This lesson is designed to lead students to understand what the forest means to humankind. It is important that they see the forest not only for its products, but also for the environmental benefits and intangible rewards it provides.

The day before beginning this lesson, ask the students to list everything they touch while at home that evening that is in some way derived from trees. Then take their lists and categorize the items as paper products, food products, identifiable wood material (furniture, boards, pencils, bats ,etc.), and wood by-products like medicines, chemicals, and camera film.

In addition to the products we use daily, the forest provides many benefits that most people fail to notice:


Trees take up large quantities of water from the soil. Some is used in the photosynthetic process, some is used as a solvent to transport minerals and nutrients, but most is incorporated in the protoplasm of the tree cells. About 80-90% of a tree's bulk is water, leading some people to view the forest as a massive water storage facility.

About 95% of the water in a tree is recycled into the atmosphere through an evaporative process called transpiration. This occurs mostly from the leaves, and the transpiration rate is highest during hot afternoons in the growing season. The transpired water is constantly being replaced by water brought from the soil. When transpiration occurs more rapidly than water replacement, the tree will wilt.

Tie a plastic bag around the end of a leafy twig and leave it for 24 hours. Collect and measure the amount of water that accumulates. Try it on days when the weather is hot and sunny as well as during cool, cloudy weather. Compare the results.

Forests also affect the quality of water in our streams and lakes. The roots and the organic litter (dead leaves and needles) slow the runoff from rainfall and let the water soak into the soil. Without this buffering effect, soil can be carried by the runoff into streams, adversely affecting streamflow, water quality and aquatic life.

Show the class pictures of eroded, hilly farmland. Discuss the total environmental ramifications, including decreased water quality, fewer fish in the stream, and reduced productivity of the land. How does this affect the people who live in the area? How might it affect people who live miles away, especially downstream? What could the farmer have done to prevent it?

Temperature modification.

Trees provide a buffer against winter winds, and moisture transpiration in the summer acts as natural air conditioning. Studies of tree-related temperature modification in urban environments have shown that well-placed trees can reduce heating and cooling bills up to 30%. One study by the Federal Energy Administration found that a large, vigorous, well-watered hardwood tree has a cooling capacity of 800,000 BTU's per day. That's the equivalent of 20 window air conditioning units running 20 hours a day!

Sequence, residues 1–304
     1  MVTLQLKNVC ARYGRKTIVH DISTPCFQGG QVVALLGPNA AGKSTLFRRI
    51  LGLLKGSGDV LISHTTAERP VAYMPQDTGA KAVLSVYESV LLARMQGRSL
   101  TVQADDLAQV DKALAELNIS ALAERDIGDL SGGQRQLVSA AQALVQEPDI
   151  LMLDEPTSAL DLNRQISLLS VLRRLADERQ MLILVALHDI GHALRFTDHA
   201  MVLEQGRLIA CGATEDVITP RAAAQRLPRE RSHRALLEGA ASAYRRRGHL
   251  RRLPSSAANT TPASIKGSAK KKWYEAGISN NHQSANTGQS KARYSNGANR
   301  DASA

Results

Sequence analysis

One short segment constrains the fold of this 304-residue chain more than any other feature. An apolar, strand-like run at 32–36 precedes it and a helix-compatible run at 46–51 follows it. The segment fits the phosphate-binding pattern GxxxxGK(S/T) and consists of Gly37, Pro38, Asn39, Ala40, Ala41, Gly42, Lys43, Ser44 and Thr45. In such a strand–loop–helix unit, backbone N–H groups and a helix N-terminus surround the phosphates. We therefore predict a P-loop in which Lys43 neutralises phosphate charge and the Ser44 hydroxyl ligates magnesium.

Place a thermometer in the lower branches of a large, leafy tree and one in an exposed area. Compare the temperatures shown at both sites on a hot afternoon.

Air quality.

A study reported in General Climatology showed 85% less air pollution within a forest than was measured just 300 feet from the forest edge. The basic photosynthetic equation shows how green plants convert water and carbon dioxide into sugars and release oxygen as a by-product:
6 CO2 + 6 H2O > C6H12O6 + 6 O2

From this equation it's fairly obvious that plants take in a pollutant (carbon dioxide) and release pure oxygen into the air. Trees play a significant role in this process: South Carolina's forests, by some estimates, remove 240,000,000 tons of carbon dioxide from the air each year.

Here's a fun exercise to put this in perspective for the students:
An elephant weighs about 5.5 tons. How many elephants are equivalent to the amount of carbon dioxide absorbed by SC forests? If an elephant is 10 feet long, how many miles of elephants would this be?
Answers: 240,000,000 tons is about 4,363,636 elephants; there are 528 elephants per mile, so your parade would be 8,264 miles long. That's enough elephants to reach from Columbia to London and back again. (You can do the same thing with squirrels or rabbits, but the numbers get awfully big and it's a lot harder to get squirrels and rabbits to stay in line.)

Trees also help manage the amount of particulate matter picked up and carried by the wind. Vegetative windbreaks, consisting of several rows of trees, are utilized by farmers on the great plains to slow the force of the wind and prevent topsoil from being blown away. When dust or other particulate matter is picked up by the wind, forested areas buffer the wind speed so the material can settle back to earth.


Aesthetic appeal is very subjective, but it can translate into things more quantitative. Here are some examples:

Reference Resources / Education

Contents / Lesson 1 / Lesson 2 / Lesson 3 / Lesson 4 / Lesson 5 / Lesson 6